Amazon Echo Show Review: 11 Reasons to Buy an Alexa Touchscreen
What's the Amazon Echo Show?
This Echo hybrid gives Alexa a brand new set of capabilities and upgrades that'll transform the breakout gadget launched over three years ago.
But what makes this product more than just a Fire Tablet copycat, and can it compete with the Google Assistant's Lenovo smart display?
Let's find out if it's worth the risk with the top 11 reasons to own an Echo Show aka the Alexa enabled smart display.
11. Tap to Alexa
It's one of the first features exclusively geared towards the hearing and speech impaired, but that doesn't mean it can't be useful for everyone else.
Tap to Alexa is exactly what it sounds like; you have to tap your Echo Show's home screen to toggle Alexa. Furthermore you can customize your command shortcuts, swap them out or use a virtual keyboard to issue them.
To access this feature as well as Alexa captioning, go into your Show's settings and click on the "Accessibility" options.
As of July 2018, Tap to Alexa is only available on the Show but it may come to the Echo Spot down the line. Additionally it's a US only feature right now but as with most updates, it'll likely expand to other markets in the months ahead.
10. Video Calling
The biggest selling point of the Echo Show is its ability to make video calls similar to Skype.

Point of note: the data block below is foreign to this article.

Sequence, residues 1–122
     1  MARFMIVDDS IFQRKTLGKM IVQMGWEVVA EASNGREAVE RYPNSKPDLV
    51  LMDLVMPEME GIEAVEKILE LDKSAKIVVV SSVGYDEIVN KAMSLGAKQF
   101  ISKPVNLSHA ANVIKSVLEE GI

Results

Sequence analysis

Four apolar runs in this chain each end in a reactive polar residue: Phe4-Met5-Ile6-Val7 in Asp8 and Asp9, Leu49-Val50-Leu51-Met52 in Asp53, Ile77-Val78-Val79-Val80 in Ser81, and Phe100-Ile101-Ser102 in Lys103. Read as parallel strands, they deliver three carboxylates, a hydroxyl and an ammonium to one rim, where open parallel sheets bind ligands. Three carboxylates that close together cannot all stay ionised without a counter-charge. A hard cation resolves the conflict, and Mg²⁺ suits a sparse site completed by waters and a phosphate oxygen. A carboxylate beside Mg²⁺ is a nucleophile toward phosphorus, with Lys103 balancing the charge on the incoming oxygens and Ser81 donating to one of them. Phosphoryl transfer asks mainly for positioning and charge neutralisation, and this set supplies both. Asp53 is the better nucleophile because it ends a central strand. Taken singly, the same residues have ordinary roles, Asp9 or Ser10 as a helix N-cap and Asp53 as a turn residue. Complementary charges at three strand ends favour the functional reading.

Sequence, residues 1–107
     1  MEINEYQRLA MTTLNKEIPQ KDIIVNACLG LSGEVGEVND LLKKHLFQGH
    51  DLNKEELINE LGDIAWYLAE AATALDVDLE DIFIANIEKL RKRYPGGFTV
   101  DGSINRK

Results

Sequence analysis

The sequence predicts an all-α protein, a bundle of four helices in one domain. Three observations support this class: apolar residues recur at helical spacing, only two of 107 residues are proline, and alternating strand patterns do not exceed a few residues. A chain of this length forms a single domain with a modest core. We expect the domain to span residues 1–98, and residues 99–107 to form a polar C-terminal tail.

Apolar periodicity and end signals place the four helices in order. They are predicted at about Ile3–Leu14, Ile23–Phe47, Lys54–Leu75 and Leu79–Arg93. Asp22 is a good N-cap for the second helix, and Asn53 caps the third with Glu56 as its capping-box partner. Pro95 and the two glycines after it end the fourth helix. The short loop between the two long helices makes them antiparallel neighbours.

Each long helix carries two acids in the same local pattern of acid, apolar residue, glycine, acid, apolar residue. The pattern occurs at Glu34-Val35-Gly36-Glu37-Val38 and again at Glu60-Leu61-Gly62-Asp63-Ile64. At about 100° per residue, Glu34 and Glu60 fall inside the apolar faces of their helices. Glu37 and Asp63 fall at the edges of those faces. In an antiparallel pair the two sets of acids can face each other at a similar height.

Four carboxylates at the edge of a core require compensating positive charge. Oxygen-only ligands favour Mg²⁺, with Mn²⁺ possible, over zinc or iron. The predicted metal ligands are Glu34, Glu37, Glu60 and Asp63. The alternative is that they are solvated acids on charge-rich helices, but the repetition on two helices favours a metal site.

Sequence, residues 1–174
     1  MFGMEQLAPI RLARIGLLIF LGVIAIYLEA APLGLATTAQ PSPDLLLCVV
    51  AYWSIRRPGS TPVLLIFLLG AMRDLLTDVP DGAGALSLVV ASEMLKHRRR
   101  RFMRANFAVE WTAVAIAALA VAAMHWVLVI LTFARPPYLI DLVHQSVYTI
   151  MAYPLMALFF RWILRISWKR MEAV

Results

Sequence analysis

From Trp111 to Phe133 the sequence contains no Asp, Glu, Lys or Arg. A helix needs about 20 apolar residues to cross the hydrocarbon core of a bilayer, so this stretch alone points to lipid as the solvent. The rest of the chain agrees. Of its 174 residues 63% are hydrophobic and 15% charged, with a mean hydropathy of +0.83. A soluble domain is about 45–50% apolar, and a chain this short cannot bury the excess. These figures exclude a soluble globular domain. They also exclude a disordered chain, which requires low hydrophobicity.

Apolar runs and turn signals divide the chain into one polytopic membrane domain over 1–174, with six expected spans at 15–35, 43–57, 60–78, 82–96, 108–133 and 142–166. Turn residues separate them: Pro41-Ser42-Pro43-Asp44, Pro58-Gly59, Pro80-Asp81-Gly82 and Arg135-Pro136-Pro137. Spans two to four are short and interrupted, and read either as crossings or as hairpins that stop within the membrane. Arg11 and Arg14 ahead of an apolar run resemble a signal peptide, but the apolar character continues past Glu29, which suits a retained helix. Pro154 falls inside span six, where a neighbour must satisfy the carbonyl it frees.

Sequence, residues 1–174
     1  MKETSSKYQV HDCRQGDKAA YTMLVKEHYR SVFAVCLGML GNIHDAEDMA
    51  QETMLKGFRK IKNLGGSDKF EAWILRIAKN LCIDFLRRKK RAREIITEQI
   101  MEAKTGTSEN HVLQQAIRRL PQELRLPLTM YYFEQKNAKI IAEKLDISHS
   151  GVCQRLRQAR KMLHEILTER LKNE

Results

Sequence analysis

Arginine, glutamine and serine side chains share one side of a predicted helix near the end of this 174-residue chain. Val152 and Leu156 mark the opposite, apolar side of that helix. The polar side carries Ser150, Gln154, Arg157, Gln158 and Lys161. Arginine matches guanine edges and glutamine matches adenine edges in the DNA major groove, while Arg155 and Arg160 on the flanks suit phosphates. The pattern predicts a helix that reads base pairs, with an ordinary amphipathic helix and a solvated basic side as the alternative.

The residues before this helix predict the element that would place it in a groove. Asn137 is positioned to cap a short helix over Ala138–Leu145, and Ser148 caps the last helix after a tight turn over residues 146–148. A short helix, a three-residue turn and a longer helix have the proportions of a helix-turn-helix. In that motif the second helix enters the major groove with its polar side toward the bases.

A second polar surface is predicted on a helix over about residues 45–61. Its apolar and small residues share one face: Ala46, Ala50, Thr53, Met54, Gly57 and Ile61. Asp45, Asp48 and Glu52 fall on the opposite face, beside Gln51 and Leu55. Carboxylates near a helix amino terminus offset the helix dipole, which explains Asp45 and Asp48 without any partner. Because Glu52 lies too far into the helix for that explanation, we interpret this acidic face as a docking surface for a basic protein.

You can call any Echo Show device and video chat with them, which is a great way to interact with friends and family members.
Additionally there's a feature called "drop-in" where you can drop in on someone to see how they're doing. I've found that it's an excellent way to check on young children or the elderly who need help/care the most.
But if privacy is an issue, you can disable that feature or put it on do-not-disturb mode.
Video calling may be overplayed but the Echo Show has figured out a way to reinvigorate landline phones with a revamped version of a dying communication platform.
9. The Seven Inch Touchscreen
How does adding a touchscreen to the Echo make it a better voice assistant?
Because the Echo Show can now show you things that the Echo couldn't including detailed weather/traffic reports and redesigned Alexa skills that will require visuals.
You can also see things like song lyrics and recipes that make the Echo Show an ideal product for your kitchen, which is where I plan on keeping mine.
The Echo Show's 7" durable touchscreen perfectly blend a tablet, a Bluetooth speaker, and Alexa into a much more useful product than we could've imagined two years ago.
8. Better Internet Connectivity
The original Amazon Echo had a lot of connection problems even when paired with the best routers and extenders on the market.
The setup was also tedious and should have been made simpler. In order for the Echo to evolve, it needs to rely less on the Alexa app and more on its voice interface.
Echo Show has little to no connectivity problems and quickly connects to your home network.